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Homeless shelter gives man new start
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"I believe everyone deserves a second chance," says the Rev. Clara Lett, director of the Garden of Gethsemane Homeless Shelter in Covington.

Former shelter resident Ryan Ivey took advantage of his.

"It’s just an opportunity,’’ Ivey said of the shelter. "A lot of negative stuff (is) talked about that goes on at the homeless shelter. But really, it’s a great place for people who are down on their luck, if their mind is set on doing the right thing. Of course, there is some negativity around it, but I just want to be the one to show everybody it’s not like that."

Shelter’s history

At the shelter, Lett has witnessed a number life-changing transformations such as Ivey’s turnaround. She opened Rainbow Covenant Ministries in Porterdale as an outreach for underprivileged youth in 1996, but she had a vision of reaching more people in Newton County.

In 2001, when the homeless shelter was founded, it was envisioned to be an emergency shelter only, but the number of residents seeking assistance convinced Lett of the need for a transitional shelter.

In 2007, former mayor of Covington Sam Ramsey and City Council members also saw the growing need for a shelter and voted to purchase the former McIntosh Trail Early Childhood Education facility on Turner Lake Circle to give the shelter a permanent location; it officially opened there in 2009.

In addition to providing temporary residents a place to stay, Lett said the facility offers classes in parenting, literacy, GED preparation, computers, resumes and budgeting. Residents can take part in Narcotics Anonymous and Alcoholics Anonymous and receive job training such as CDL certification and culinary classes. Transportation is available for medical appointments, jobs searches and interviews and visits to the Social Security office and the Office of Mental Health.

Lett said the shelter also participates in the Georgia Re-Entry Program. Under the 90-day program – created under the administration of former President George W. Bush – parolees are supervised by parole officers and are supported financially by the state as they make their transition back into communities.

A life recaptured

Ivey, 33, of Lithia Springs, said he honestly can’t say how he ended up at the shelter, but he’s glad he did.

After serving 19 months at Jenkins County Correctional Center on a battery charge that stemmed from an alcohol-related incident, Ivey was initially denied parole in March.  

"When you are in prison, and your way out is denied,’’ he said, "it’s kind of all hope is just … it’s just a bad feeling. I felt like I had no place to go after jail. All I know is my counselor called me in the office and asked me if I wanted to go here." 

Ivey was given the opportunity to enroll in the Georgia Re-Entry Program.  

"If I didn’t have the opportunity, I really doubt that I would be where I am at today,’’ he said. "Now I’m off alcohol; I go to church faithfully. I do a lot of stuff in the community."

"Honestly, God has led me here, is what I feel," he said.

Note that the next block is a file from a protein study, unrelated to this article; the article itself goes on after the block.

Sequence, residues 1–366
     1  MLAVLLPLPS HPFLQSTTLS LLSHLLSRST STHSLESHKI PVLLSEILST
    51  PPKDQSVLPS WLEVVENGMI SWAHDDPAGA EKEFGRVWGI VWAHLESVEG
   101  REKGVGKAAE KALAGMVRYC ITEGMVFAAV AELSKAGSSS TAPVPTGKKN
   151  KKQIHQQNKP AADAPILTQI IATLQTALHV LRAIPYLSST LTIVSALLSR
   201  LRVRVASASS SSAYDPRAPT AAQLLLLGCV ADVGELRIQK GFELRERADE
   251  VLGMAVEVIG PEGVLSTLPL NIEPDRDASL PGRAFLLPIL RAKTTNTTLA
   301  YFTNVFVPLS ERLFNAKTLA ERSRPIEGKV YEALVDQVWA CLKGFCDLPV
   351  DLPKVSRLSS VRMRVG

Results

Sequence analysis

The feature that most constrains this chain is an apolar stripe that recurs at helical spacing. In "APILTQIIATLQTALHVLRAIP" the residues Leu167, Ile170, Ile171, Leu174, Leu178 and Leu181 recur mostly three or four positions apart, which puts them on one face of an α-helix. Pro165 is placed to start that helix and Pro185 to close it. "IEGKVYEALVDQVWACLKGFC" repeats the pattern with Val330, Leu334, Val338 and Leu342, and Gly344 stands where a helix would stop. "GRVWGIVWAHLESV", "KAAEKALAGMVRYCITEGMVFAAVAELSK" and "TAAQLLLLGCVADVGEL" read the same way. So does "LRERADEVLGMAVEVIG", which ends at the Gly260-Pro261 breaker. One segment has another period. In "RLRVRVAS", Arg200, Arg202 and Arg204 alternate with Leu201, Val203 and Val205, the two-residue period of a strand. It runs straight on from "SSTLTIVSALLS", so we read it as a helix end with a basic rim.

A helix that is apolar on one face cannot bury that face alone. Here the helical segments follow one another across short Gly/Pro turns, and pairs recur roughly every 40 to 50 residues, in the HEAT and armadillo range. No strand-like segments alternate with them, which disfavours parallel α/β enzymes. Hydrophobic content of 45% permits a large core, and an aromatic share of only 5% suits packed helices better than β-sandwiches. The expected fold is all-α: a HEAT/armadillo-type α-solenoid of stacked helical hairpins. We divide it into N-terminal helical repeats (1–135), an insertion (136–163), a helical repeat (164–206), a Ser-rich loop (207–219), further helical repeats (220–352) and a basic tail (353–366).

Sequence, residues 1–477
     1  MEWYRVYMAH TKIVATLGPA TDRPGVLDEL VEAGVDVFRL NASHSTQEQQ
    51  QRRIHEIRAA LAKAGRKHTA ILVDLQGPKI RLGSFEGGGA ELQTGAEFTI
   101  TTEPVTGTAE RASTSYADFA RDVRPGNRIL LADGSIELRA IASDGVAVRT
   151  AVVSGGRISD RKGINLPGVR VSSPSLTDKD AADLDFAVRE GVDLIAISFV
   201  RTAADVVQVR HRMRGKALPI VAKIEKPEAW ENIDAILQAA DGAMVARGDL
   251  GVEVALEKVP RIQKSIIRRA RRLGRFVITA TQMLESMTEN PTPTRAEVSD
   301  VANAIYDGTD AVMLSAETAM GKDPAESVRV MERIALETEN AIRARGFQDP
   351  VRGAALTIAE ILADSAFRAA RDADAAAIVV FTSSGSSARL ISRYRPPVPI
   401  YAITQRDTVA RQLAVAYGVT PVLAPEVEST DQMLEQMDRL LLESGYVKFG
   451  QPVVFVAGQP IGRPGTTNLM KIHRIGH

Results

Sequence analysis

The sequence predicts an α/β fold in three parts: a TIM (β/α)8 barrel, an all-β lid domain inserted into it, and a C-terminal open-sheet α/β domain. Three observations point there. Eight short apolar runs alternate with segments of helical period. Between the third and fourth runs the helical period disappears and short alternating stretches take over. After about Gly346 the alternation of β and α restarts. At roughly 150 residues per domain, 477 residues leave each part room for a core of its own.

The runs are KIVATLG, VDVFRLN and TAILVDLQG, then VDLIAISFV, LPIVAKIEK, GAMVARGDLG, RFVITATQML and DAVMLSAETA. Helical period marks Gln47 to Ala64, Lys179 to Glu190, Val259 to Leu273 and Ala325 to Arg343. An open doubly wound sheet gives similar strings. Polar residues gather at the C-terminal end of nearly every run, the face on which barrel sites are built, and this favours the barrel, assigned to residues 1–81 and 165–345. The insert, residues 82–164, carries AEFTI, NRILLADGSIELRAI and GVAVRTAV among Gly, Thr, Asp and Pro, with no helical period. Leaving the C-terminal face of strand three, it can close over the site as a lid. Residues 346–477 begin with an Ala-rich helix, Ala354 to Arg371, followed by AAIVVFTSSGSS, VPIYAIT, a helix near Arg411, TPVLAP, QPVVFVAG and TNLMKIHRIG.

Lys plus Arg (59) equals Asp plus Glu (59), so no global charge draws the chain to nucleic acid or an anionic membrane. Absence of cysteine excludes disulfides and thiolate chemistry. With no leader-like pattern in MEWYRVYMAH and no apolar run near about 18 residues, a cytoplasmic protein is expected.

Ivey said after completing the program, he obtained a job, purchased his own a vehicle and got his own place in Porterdale. He credits Lett, shelter board of director’s member Sam Ramsey and Pete Leonetti for supporting him on his journey.

"It gave me a chance to get on my feet. … If it weren’t for that place, there’s no telling where I would be, honestly," Ivey said.

A healing hand

Olivia – whose full name is withheld for her safety – said she stayed at the shelter for a period of time with her three children after coming out of an abusive relationship. She said that when her children’s father was taken out of the home and into custody, she was left with no transportation.

"He was the breadwinner. He did most of everything. That night they took him, I had to do a restraining order and stuff like that, in order to get him where he needed to be until I felt safe," she said.

Olivia said she picked up a part-time job in order to get transportation and make ends meet. She realized that she needed help.

"I just came in on my own. I was in contact with (my children’s) school, and I was talking with the counselor about what was going on in my home. She called some numbers, I called some numbers," she said.

"I happened to call the shelter one night because the power had gone out and I had been struggling trying to keep the electricity on … I didn’t want the kids to be in the dark."

Olivia said with only a quarter-tank of gas, she drove around with her children until she eventually found the shelter.

"I went in and talked to Pastor Clara Lett … she had beds available and told us we could stay there. I only needed it for the night. And it turned out that I needed to go back to her because I was paying the electric bill, but I was struggling."

Olivia said while staying at the shelter she worked with Georgia Legal Services, which assists  Garden of Gethsemane residents, to obtain a divorce and gain full custody of her children. She and her family now live in affordable housing and are going to family therapy and counseling. She regularly volunteers at the shelter, because, she said, "It’s my way of helping me heal.

"I got my life back because of the shelter. I had nowhere else to go,’’ she said.

Olivia hopes that other battered women can take heart from her story.

"There is hope,’’ she said. "So many people are afraid to call 911 for the fear that their kids will be taken, because I had that fear, because they are witnessing violence. But no, take control of it, walk away. Less people will get hurt."

Lett said there are many success stories about people who have turned their lives around after staying at the shelter.

She said, "People think all homeless shelters are bad, but that’s not so."